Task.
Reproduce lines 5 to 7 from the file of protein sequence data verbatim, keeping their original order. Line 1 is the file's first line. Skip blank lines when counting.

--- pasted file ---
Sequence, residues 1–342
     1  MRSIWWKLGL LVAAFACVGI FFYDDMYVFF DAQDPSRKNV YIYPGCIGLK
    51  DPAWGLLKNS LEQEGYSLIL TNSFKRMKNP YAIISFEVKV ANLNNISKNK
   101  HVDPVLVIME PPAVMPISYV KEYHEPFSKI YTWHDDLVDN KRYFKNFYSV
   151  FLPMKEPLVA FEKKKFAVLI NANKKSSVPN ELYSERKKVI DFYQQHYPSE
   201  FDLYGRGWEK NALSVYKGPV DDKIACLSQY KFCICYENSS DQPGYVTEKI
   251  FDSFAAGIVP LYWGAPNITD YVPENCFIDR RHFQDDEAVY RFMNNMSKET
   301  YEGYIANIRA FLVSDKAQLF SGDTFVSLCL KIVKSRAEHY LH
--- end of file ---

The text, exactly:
   151  FLPMKEPLVA FEKKKFAVLI NANKKSSVPN ELYSERKKVI DFYQQHYPSE
   201  FDLYGRGWEK NALSVYKGPV DDKIACLSQY KFCICYENSS DQPGYVTEKI
   251  FDSFAAGIVP LYWGAPNITD YVPENCFIDR RHFQDDEAVY RFMNNMSKET